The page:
Govt must discourage gold imports, introduce a comprehensive export strategy and issue dollar bonds to stanch the rupee depreciation
It’s been a tough couple of years for India. With a number of foreign currency convertible bonds (FCCBs) coming up for redemption and the trade deficit – expected to hit $180 billion this year – means that the current account deficit will go up from 2.3 per cent in 2008-09 to 3.9 per cent in 2012-13. And it could run up further.
Worried with the flight of dollars, both the central government and the Reserve Bank of India have aggressively announced measures for dollar inflows. Some of these include increasing the debt cap for FII investments, liberalising laws for raising money through ECBs and so on.
Meanwhile, the rupee has continued to depreciate. If one goes through the amount invested by foreign institutional investors in debt instruments between January and October 2011, it stood at $4.29 billion or Rs 19,403 crore. This year, they have invested $6.81 billion or Rs 35,964 crore. Our dollar inflows in equities are also significantly high.
What’s interesting is that while in dollar terms, the growth in debt investment is 58 per cent, in rupee terms, the growth is a whopping 85 per cent – or 27 percentage points more. The difference is due to rupee depreciation. In other words, a dollar is buying a lot more rupees this year. And this is despite the huge flow of dollars coming.
The reason, as all of us know, is high import bills of oil and gold. While most experts agree that slowdown in oil imports is tough, they agree in unison that gold has to be discouraged.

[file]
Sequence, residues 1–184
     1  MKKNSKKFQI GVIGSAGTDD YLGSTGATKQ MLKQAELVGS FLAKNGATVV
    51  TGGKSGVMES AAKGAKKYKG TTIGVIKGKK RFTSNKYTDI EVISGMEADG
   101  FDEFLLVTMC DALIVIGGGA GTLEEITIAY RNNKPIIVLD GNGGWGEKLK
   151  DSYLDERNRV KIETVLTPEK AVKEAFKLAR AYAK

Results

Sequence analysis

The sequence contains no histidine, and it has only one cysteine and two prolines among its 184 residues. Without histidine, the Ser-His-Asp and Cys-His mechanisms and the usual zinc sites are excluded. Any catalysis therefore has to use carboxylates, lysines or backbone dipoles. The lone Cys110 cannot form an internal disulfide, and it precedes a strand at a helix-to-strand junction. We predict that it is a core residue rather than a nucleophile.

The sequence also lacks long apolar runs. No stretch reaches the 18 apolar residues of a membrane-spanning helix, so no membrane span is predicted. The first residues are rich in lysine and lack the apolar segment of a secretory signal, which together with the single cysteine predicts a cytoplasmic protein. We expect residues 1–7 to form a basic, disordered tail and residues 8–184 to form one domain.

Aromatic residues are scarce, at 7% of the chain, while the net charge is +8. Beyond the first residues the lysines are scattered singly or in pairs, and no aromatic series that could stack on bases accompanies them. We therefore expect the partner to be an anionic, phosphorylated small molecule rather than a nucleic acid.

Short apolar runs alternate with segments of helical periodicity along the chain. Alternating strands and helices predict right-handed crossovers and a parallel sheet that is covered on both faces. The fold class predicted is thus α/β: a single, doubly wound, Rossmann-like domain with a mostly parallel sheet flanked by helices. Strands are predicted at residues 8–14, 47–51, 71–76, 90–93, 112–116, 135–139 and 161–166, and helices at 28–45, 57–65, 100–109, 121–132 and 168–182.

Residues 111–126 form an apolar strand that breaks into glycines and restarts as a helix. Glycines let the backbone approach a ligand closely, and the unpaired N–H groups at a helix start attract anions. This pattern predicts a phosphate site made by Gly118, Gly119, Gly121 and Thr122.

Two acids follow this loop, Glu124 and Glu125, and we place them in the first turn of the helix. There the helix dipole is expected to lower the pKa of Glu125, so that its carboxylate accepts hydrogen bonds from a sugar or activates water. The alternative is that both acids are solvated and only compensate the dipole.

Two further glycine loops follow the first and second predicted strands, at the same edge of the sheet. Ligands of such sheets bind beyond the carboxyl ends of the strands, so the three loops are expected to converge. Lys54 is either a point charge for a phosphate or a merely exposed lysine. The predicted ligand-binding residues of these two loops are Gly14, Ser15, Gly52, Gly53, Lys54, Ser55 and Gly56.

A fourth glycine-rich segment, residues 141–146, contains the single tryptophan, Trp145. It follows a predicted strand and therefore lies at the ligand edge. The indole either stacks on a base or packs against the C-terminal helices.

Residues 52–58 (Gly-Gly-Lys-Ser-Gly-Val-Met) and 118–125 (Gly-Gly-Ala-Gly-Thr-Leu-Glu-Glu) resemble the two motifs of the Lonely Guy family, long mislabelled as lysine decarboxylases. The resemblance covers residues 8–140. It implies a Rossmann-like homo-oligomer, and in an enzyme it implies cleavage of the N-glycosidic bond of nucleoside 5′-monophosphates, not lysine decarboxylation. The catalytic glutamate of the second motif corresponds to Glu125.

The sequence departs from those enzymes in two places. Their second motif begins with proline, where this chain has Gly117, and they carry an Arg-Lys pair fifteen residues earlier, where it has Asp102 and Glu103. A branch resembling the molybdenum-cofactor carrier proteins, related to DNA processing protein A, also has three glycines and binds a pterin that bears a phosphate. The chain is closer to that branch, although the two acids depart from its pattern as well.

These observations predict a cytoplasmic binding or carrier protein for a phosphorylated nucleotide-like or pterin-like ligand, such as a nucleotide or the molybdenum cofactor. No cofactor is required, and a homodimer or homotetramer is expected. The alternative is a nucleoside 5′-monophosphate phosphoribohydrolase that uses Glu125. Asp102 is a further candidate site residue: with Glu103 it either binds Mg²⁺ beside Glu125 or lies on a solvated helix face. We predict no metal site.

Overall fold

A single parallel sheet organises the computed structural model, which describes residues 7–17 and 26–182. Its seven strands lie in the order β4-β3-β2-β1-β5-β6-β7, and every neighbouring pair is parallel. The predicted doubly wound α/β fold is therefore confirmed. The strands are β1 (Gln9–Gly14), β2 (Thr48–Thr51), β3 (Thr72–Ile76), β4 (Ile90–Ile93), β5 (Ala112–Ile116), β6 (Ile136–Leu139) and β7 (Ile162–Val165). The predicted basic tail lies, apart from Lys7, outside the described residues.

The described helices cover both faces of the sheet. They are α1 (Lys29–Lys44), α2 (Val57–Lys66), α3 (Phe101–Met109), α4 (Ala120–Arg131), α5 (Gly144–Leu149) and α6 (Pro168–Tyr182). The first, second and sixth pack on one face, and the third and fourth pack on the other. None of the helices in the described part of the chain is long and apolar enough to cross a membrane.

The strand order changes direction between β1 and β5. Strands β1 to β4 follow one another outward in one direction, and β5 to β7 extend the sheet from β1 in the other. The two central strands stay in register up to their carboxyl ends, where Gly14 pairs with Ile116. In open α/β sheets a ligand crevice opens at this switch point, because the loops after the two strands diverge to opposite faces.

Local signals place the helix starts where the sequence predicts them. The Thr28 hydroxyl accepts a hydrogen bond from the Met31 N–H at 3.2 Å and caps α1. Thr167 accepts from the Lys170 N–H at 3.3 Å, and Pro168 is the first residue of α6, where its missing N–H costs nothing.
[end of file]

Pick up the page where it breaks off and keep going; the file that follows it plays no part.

In 2011-12, we imported as much as $62 billion of gold. The government needs to do something fast to discourage more gold imports. Another step that is urgently required is reducing our trade deficit – $ 25 billion – with China.
What we also need is a comprehensive export strategy. As a banker says, “We export cheap labour and import high-value commodities. We need to change this mix. Much like the Textile Upgradation Fund Scheme in textiles, we need an export strategy with other commodities to increase our share.” Of course, these are all medium-to-long-term strategies.
In the short-term, a millennium bond kind of issue that State Bank of India had done in year 2000 might help. Since the money will be raised in dollar terms, it will not hurt the rupee. But given the pressure on the rupee, it needs to be done fast.
RBI provided a buffer to importers by doubling eligible limit for hedging to 100% of the average of past three years' import turnover